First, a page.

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5 Major Immigration Laws that the House Passed in an Election Year

Immigration

SOURCE: AP/Evan Vucci

Demonstrators lie down in front of the White House in Washington, Wednesday, July 24, 2013, during a demonstration to signify family members deported, as they rallied in favor of immigration reform.

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Over the past few months, we have seen a slew of news stories predicting what will happen with immigration reform in 2014, after the Senate passed a strong bipartisan reform bill last year, but the House failed to act. While these analyses differ in their predictions, most agree that the path from bill to law becomes more difficult in an election year.

Yet if history is any guide, immigration reform absolutely can become law in an election year. In fact, the House of Representatives passed almost all of the past three decades’ major immigration legislation during election years. These bills passed both in times of undivided and divided government—with one party controlling the House and one party controlling the presidency—and in election years in which the majority party kept and lost control of the House.

Here are five major election-year immigration laws from the recent past:

1. The Immigration Reform and Control Act, or IRCA, of 1986

Date passed by the House: October 9, 1986

Date of final conference vote: October 15, 1986

Party in control of the House: Democratic

Party in control of the presidency: Republican

IRCA revamped the immigration system by putting in place an employer sanctions program—penalties for hiring unauthorized workers—as well as providing legalization for roughly 3 million undocumented people who entered the country prior to January 1, 1982. It did not, however, fix the legal immigration system, nor did it provide adequate resources to actually implement the employer sanctions provisions.

Democrats held onto their House majority in the 1986 election, while Republicans lost control of the Senate after losing eight seats.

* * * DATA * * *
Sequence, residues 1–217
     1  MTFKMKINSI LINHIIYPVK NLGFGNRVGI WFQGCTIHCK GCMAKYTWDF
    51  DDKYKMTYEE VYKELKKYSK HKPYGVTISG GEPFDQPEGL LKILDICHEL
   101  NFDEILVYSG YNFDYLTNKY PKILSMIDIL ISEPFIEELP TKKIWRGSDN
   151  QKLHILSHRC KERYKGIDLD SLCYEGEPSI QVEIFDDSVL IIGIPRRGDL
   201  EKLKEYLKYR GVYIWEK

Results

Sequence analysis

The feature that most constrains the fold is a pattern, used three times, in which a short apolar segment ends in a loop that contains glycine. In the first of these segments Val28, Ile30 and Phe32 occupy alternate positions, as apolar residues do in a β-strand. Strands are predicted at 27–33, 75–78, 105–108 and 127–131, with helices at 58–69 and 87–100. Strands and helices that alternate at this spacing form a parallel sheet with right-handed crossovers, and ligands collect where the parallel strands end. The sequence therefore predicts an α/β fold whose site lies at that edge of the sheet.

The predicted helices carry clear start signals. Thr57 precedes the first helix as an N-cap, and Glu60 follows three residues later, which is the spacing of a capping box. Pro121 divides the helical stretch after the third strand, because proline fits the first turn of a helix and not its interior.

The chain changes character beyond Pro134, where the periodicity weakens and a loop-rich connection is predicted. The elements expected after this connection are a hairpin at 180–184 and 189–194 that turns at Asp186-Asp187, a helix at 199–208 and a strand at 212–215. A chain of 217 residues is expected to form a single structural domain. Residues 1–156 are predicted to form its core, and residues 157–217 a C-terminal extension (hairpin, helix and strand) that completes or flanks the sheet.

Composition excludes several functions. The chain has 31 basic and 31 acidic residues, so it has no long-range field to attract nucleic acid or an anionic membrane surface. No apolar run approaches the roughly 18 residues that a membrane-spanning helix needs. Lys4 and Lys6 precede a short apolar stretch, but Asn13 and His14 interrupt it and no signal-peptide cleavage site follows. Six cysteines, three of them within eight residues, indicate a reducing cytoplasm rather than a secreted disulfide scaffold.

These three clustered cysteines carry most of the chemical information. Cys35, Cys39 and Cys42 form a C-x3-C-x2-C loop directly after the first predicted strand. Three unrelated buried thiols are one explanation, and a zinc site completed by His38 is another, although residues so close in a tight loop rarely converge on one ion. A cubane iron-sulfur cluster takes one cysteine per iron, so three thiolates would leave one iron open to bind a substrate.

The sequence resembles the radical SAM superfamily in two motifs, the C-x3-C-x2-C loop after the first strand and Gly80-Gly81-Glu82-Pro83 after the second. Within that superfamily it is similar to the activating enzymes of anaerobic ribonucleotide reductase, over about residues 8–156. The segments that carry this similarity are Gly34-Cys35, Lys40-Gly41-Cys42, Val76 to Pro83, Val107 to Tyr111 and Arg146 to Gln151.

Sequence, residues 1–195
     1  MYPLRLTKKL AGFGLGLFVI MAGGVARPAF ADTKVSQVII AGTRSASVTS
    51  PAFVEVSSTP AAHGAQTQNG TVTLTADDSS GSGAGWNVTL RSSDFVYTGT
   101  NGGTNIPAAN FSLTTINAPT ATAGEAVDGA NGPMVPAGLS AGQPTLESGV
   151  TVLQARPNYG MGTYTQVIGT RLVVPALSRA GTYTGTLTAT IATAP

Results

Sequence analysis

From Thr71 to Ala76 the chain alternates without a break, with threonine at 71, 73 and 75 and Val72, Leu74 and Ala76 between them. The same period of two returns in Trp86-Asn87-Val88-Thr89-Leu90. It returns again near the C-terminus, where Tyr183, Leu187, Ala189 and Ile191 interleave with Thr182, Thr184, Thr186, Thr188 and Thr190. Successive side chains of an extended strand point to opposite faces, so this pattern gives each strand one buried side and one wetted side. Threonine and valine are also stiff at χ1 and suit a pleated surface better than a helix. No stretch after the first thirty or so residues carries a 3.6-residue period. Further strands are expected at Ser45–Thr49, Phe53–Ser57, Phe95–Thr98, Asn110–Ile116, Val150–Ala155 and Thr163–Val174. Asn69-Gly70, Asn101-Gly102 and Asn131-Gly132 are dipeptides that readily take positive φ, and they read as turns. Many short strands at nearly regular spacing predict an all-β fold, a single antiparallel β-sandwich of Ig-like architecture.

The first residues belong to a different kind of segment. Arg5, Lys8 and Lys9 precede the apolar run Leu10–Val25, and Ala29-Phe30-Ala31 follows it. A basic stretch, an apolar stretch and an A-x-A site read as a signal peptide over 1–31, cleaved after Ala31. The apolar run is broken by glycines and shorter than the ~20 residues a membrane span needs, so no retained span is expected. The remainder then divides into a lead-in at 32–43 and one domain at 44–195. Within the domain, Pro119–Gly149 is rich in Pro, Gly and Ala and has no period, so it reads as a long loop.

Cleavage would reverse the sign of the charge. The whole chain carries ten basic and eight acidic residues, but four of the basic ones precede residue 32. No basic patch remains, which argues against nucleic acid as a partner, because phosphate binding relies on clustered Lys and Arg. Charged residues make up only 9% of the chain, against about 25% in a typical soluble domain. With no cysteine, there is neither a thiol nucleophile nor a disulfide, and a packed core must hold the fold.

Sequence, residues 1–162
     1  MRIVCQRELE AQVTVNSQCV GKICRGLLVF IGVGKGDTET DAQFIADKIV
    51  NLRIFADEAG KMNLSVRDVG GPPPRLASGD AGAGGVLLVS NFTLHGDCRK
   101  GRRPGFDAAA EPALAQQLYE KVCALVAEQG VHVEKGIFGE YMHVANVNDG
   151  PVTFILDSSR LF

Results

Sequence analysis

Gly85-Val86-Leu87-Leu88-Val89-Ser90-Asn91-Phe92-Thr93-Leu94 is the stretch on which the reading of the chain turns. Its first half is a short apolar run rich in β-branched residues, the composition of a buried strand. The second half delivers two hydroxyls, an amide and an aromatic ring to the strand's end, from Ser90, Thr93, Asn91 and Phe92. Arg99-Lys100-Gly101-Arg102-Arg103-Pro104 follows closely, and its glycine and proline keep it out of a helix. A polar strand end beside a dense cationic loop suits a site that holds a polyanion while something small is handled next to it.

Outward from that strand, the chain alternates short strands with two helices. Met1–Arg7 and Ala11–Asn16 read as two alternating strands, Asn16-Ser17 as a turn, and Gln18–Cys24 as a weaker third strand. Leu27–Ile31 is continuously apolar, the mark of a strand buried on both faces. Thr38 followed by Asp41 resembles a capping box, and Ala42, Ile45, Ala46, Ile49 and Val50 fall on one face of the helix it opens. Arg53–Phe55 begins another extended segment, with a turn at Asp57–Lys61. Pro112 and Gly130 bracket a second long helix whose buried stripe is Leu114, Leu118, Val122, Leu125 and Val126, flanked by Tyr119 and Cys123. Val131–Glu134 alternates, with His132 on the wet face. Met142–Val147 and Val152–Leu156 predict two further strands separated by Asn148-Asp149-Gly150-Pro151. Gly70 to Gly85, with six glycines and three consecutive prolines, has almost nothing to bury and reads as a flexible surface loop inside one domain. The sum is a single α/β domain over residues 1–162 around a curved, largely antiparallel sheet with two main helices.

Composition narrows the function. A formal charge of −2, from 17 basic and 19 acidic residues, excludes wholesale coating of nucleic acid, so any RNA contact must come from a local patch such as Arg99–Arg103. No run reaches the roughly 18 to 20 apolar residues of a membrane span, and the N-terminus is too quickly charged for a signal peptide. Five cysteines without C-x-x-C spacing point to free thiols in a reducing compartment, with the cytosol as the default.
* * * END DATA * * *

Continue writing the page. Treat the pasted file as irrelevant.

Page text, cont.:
2. The Immigration Act of 1990

Date passed by the House: October 3, 1990

Date of final conference vote: October 27, 1990

Party in control of the House: Democratic

Party in control of the presidency: Republican

This bill overhauled the legal immigration system, raising the number of permanent visas given out each year from 290,000 to 675,000, and created the diversity-visa lottery, which allots 55,000 visas annually to immigrants from underserved countries.

The 1990 election saw Democrats add to their majorities in both the House and the Senate.

3. The Illegal Immigration Reform and Immigrant Responsibility Act, or IIRAIRA, of 1996

Date passed by the House: March 21, 1996

Date of final conference vote: September 28, 1996, as part of the Omnibus Consolidated Appropriations Act

Party in control of the House: Republican

Party in control of the presidency: Democratic

This immigration enforcement bill passed Congress as part of the yearly appropriations process, laying out the government’s spending for fiscal year 1997. The bill instituted a 3- or 10-year bar on returning to the United States for immigrants caught without proper documentation and required people fleeing persecution to apply for asylum status within one year of arriving in the country—one in five asylum seekers is currently denied because of this deadline. It also created the 287(g) program, through which local police can be deputized to act as immigration officials.

IIRAIRA came just two years after the passage of California’s Proposition 187, which—though later struck down by the courts—restricted undocumented immigrants from accessing any state public benefits. Proposition 187 was indicative of a wave of restrictionist and anti-immigrant sentiment in the United States during the mid-1990s. Restrictionists in Congress used this opening to expand limitations on immigration, passing IIRAIRA in the same year as a welfare reform bill that restricted noncitizens from accessing most public benefits.

President Bill Clinton won re-election in 1996, while Republicans maintained their majorities in both the House and the Senate.

4. The Legal Immigration Family Equity, or LIFE, Act and LIFE Act Amendments of 2000 

Date LIFE Act passed by the House: September 14, 2000